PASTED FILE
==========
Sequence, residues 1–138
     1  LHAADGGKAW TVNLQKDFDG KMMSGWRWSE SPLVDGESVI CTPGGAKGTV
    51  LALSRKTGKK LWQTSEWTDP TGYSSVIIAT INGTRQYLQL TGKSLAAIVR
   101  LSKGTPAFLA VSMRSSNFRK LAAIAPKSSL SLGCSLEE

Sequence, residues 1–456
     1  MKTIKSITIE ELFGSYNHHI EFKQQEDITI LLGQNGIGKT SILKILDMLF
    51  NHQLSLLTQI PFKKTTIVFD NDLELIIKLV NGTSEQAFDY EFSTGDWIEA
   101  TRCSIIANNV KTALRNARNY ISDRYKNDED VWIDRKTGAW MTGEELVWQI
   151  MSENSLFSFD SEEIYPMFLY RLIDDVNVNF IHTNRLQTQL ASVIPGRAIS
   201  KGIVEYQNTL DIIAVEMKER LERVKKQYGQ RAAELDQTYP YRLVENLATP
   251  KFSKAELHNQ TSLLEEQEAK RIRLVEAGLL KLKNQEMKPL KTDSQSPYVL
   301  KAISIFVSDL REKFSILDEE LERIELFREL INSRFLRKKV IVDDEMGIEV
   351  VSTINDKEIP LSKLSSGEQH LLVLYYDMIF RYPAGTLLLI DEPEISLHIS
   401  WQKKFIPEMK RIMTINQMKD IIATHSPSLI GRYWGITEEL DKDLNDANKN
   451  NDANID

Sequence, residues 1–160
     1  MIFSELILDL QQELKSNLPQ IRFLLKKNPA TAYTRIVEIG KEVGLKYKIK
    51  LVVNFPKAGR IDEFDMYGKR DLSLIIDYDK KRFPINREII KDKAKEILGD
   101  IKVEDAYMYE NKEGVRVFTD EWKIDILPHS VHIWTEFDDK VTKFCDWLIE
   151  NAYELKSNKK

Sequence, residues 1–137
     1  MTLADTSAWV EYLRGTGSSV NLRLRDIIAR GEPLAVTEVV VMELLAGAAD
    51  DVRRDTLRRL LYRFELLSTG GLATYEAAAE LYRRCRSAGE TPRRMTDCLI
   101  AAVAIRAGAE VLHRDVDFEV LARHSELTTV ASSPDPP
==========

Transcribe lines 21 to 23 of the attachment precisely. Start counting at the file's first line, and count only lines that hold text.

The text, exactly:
Sequence, residues 1–137
     1  MTLADTSAWV EYLRGTGSSV NLRLRDIIAR GEPLAVTEVV VMELLAGAAD
    51  DVRRDTLRRL LYRFELLSTG GLATYEAAAE LYRRCRSAGE TPRRMTDCLI